After publishing yesterday’s post I observed a strange thing – the lid of my Elegoo Mars came off during printing. The encoder I mounted on top of the Z-axis bounced it off. That was strange, how? And then it hit me. I have never, ever measured backlash of the bearings of the lead screw. I have only measured the backlash of the screw itself. Well, I think a video is worth more than a thousand words:
There is a play roughly 2 mm in the housing of the lead screw! I disassembled the printer:
The cause is clear – even the motor has a lead screw as shaft and therefore, you would assume it is designed for axial load, it is not. There are ordinary ball bearings (no axial nor angle contact bearings) and most importantly – there is a spring washer tensioning the bearings – just like in an ordinary stepper designed for purely radial load. This is, in my opinion, a clear failure of the motor manufacturer MOCOC TECH. Also, there is another source of problems – the silencer – as the screw is mounted in the motor and the rubber silencer is soft. The silencer probably prevents from resonating with the top plate of the printer and also creates a flexible element which can compensate for the axial misalignment of the screw and the nut.
When you combine this flexible play in the screw with my observation about forces present during printing, you get imprecise print height – up to the size of the play of the screw. It can shrink or squeeze your layers arbitrarily.
What is the solution? There are three solutions in my mind:
- dirty & cheap – get two M8 washers, put them in the motor’s rotor, remove the spring washer and tightened motor body screws carefully to slightly tension the ball bearings. Also, remove the silent block. This is a solution for roughly 3 CZK. Warning: This is a dirty solution. Deep groove ball bearings are not designed for axial load nor tensioning. Also by removing the silent block, you remove flexible element which could compensate for misalignment of the screw and the nut. Your risk shorter life of the bearing, screw, and nut. On the other hand, the speeds and axial loads on Elegoo Mars are not that big, so you might be OK for years with this solution.
- better solution – get a pair of axial bearings F8-19G and use them instead of the ball bearing. Pretention them either as in the previous case or with a hard spring washer.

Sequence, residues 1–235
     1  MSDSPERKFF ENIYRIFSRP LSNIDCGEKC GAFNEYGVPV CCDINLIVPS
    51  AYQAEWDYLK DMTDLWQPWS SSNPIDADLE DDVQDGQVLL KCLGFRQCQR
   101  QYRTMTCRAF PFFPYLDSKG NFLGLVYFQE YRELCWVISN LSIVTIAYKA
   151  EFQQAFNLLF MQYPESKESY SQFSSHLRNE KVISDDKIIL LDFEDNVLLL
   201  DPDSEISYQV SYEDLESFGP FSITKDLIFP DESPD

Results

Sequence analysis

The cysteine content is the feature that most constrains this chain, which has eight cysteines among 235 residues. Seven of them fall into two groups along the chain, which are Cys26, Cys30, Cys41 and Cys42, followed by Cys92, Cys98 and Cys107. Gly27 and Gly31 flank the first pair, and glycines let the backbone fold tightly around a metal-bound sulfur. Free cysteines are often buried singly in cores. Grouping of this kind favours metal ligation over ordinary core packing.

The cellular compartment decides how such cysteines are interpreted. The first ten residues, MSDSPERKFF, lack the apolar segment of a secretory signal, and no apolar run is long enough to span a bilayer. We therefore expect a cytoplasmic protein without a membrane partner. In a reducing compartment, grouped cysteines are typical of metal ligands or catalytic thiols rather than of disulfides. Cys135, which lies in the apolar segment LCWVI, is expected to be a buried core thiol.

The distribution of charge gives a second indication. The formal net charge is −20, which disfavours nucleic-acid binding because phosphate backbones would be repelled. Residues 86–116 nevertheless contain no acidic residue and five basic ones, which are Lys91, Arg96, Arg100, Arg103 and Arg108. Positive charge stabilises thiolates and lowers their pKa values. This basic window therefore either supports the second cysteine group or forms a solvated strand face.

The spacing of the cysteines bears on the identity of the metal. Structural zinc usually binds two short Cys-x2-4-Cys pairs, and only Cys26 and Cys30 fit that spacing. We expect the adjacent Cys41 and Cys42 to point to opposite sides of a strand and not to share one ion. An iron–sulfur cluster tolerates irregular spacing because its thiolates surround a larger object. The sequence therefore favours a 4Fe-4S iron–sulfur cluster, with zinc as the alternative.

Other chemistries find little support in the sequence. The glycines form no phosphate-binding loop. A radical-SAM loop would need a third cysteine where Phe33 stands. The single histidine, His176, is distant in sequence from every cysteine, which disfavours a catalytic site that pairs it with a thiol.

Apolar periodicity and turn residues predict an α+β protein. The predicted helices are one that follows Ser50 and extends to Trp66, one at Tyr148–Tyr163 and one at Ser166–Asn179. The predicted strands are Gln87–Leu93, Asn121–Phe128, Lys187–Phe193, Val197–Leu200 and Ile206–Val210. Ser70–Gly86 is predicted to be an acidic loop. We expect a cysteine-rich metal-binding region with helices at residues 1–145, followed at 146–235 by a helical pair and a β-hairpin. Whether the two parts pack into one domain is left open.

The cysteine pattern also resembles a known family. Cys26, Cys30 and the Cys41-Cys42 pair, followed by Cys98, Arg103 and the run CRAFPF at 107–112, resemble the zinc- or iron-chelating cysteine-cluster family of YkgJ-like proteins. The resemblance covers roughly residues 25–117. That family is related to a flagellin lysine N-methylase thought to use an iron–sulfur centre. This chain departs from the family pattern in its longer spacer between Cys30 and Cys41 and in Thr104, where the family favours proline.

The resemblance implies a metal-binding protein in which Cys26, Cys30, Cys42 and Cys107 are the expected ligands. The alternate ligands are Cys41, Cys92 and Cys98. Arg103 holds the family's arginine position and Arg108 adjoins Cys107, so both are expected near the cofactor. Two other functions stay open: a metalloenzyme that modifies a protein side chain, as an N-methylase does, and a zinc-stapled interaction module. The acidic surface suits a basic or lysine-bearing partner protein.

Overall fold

- The best solution – build separate housing for the screw with contact angle bearings and connect the motor via flexible shaft coupler. This solution provides noise reduction using the silencer. However, when you try this it might be worth it to rebuild the Z-axis to use a linear rail as the Elegoo solution of the Z-axis has a high effect-to-cost ratio, however, I can measure about 0.2 mm of play when I apply reasonable forces by hand.
As the G8-19G bearings are not available at my local store and I had to order them, I applied the dirty & cheap fix to find out what improvement can I get. Spoiler: a huge one.
The full dataset can be found in this table (new measurements are from sample 10).
Most notably what changed is that if an error is introduced in a layer, it is compensated by the others. Therefore absolute precision is preserved. See that all the test pieces got practically the same height.
If you look at test piece 11, you’ll see it is quite distorted. It is the sample surrounded by a full plate of material. There was noticeable distortion, however, it was different compared to the previous cases. The overall test piece height was preserved, but the layers surrounded by material were a little bit higher. Just like first layers of other pieces. This is probably due to the effect I described in volume 4 (recommend reading before continuing). The effect is that the resin is viscous and as the build plate sinks, it has to push away the resin. When I introduced the delay to allow the resin to flow away and to settle the build plate in place I got much more precise pieces. On the simple pieces, even the first layers got the correct height. On the pieces with extra material, the distortion is still there, however it is much less significant. I believe by introducing even longer delay, we can get much more precise (I plan to do this experiment).
What struggles me is that instead of 3 mm I got 2.9 mm – pretty constantly. Therefore, I printed another staircase – 0.5 mm steps, 15 mm in total height (sample 15). I also got less – 14.7 mm. Currently, I have no idea what is this caused by – it not a constant error (not coming from incorrect bed leveling) and it is too large for shrinkage (2 % – epoxy or polyurethane resins have shrinkage less than 0.5 % and I don’t expect printer resin to be that different). Maybe tensioned bearings with misaligned screws cause step loses on the stepper. I am also not sure the error is linear – I’ll have to run many more tests. Any ideas what could it be caused by?
On the topic of lost steps – before the first print I releveled the build plate. When the print started, the build platform started to move down as expected. The build plate touched the bottom of the VAT and the stepper still continued – by the sound it clearly lost some steps. I am sure I have leveled my bed correctly. I leveled it against empty VAT. Is it possible the printer FW moves the platform a little bit below the zero point to pretention the Z-Axis to mitigate the problem with flexible housing of the screw? I don’t know, but this also something I would like to explore in the future.
After all, even there are still open questions I consider my Elegoo Mars to be used as I intended when buying it – to produce precise functional mechanical components.